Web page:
Sometimes business decisions defy reason. And marketing decisions don't even make the tiniest bit of sense to a marketing hobbyist. I've got to tell you that this move by SBUX to sell shorts for $1 each (with free refills, no less), seems like a dumb move. Maybe someone from Starbucks can tell me I am wrong. Here's what I think:

In the stare-down between Starbucks and McDonalds, Starbucks just blinked. It's like the nerd challenging the linebacker to a fist fight. And the linebacker running away.Here's the deal with McDonalds putting coffee bars or whatever they call them in their stores; they are going to make money off the people that went in there for a greasy Egg McMuffin (and I'm not hating...love them, just don't really eat them). But the idea that they could be taking any kind of market share away from Starbucks? Well, that is just silly. Why? Because it's about the experience. And the McDonalds experience and the Starbucks experience have very little in common.I go to McDonalds when I am hungover or am in a town in the middle of nowhere. This really makes me more of a Starbucks customer than a McDonalds customer. So McDonalds is obviously selling to their established customer base and driving up prices for their coffee by branding it as more of a premium product. OK, fine. Not really hurting Starbucks much. So I can't imagine that Starbucks needed to go down-market with their coffee.

And for the Starbucks customer that's likely to over-think things a bit more than the next, a $1 cup of Starbucks coffee makes me ask this: "if you can sell it to me for $1 now, how badly were you ripping me off before?" Technically, I guess coffee is a commodity, but SBUX positioned themselves as the upscale coffee retailer. I know that as they have become more ubiquitous there has been some back-sliding on the whole high-end vibe, especially as mom-and-pop retailers have come on the scene with more of an individual personality. Anyway, selling that coffee for $1 places Starbucks closer to Folgers then the smaller stores/chains that are stealing away their business. Again, this could be a strategy but it's a little inconsistent with how SBUX has branded themselves.And by the way, Folger's isn't bad. For some reason, the Folgers at my grandparents house always tasted great.

I would imagine that there's some kind of POS up-sell play that could be going on here. Get them in for the $1 cup, ask them if they want syrup, maybe they'll buy a muffin, etc. I mean, maybe it's all really about selling muffins. And while that could potentially (and still this is a bit of a stretch) build a new customer base, the damage to the brand image could out-weigh the potential benefit. This seems like a very short term strategy. Is Starbucks hard-up for cash?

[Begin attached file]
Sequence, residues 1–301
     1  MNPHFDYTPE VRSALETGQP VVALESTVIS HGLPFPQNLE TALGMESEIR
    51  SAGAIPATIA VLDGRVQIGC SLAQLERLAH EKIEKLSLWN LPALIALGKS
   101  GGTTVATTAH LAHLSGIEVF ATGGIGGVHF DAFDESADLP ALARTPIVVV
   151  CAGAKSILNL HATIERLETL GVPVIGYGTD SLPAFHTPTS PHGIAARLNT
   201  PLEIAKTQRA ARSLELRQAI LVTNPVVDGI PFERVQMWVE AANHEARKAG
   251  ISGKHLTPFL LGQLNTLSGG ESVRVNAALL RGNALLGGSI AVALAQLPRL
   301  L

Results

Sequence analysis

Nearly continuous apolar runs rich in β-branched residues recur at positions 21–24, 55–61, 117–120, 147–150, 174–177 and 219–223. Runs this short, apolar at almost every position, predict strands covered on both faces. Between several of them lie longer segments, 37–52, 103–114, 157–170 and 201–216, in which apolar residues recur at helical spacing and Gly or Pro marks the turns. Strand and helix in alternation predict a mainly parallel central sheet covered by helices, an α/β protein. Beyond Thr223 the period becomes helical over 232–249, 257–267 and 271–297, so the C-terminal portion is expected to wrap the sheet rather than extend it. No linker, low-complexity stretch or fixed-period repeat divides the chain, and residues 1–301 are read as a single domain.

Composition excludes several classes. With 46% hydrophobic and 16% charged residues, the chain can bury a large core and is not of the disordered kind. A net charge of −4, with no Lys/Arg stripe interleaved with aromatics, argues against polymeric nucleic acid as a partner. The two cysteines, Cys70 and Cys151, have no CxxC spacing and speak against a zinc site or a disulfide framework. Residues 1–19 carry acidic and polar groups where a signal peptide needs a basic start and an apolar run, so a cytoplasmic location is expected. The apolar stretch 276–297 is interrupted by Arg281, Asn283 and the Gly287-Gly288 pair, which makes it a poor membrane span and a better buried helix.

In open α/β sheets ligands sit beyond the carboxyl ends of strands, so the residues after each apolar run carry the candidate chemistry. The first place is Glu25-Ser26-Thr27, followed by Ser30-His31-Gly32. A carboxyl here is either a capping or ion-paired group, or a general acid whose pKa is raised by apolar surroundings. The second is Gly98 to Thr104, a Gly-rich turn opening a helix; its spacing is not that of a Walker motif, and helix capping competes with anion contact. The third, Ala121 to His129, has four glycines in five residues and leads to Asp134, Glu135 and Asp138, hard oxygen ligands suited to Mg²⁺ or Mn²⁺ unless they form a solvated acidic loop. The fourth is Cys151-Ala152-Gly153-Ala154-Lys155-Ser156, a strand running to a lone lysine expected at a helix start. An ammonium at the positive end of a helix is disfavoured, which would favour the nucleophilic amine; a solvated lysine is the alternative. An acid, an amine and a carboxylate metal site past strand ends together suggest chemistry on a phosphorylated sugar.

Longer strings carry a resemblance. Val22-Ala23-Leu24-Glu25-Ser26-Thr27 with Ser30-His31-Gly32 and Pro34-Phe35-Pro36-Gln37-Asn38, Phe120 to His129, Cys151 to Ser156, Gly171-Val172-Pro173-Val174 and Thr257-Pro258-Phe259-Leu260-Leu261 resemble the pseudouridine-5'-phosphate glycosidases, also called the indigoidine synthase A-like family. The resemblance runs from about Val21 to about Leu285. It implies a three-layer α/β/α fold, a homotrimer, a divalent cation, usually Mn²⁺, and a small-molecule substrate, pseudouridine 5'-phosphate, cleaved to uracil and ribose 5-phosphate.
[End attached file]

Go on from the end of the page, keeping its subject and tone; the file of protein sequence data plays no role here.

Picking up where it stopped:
In my opinion (as a consumer...I just play a marketer on my blog), Starbucks is about 3 things: ubiquity, customer experience and brand (the third potentially being mostly about the first two). As far as the ubiquity, it is what it is and the $1 cup of java isn't going to change that. Personally, I go to Starbucks when it's nearby but prefer Peet's or Victors (our local place). I don't have to drive out of my way to go to SBUX to get my $1 coffee because they are already everywhere. What gains are made in bringing new customers in may be to the detriment of the existing customers and so I'm going to call customer experience a mild loss. Brand is where they really mess this up. Am I feeling the same way about Starbucks knowing that they are going down-market? Not so much. Will my grande,nonfat, sugar free vanilla latte taste the same? Yeah, probably. But as I drink it, I'll be wondering if I paid by the word.

Is there some target market out there that I don't understand? The people that want to buy coffee is crispy white cups with brown sleeves but will only pay $1 for it? Will that person actually drive into a Starbucks and wait in line instead of making coffee at home? Or sucking up the free coffee at work like we do? Do these people want the SBUX experience so much?  And does it dilute the experience for the people that have to wait in longer lines? Has this ever been about price before? Do you want ALL customers? I'm not sure. And I'm not judging. Working from home, I'm all about brewing my own. It's just that on some level, it becomes more expensive to acquire new customers and so competing on price under those circumstances is confusing. Seems to me that you do that when you have established competitors with little perceived product differentiation. Isn't Starbucks already the 500 pound gorilla?  Can't they diversify their business instead and sell something like pony rides?

So what it's really got me wondering is whether this is Starbucks worrying about the economy. Have you heard all the talk about a recession lately? Interest rates, NYSE, etc. I've been through it before though at the time nobody knew what Starbucks was and my coffee came from AM/PM (you know the kind of coffee where you are acutely aware that it was made out of some kind of bean, you just aren't sure what kind). It makes me think about all of the discussions about the Millenials and I have to wonder if the $1 Starbucks coffee to them (having never really experienced a real recession) feels like a sign of the apocalypse.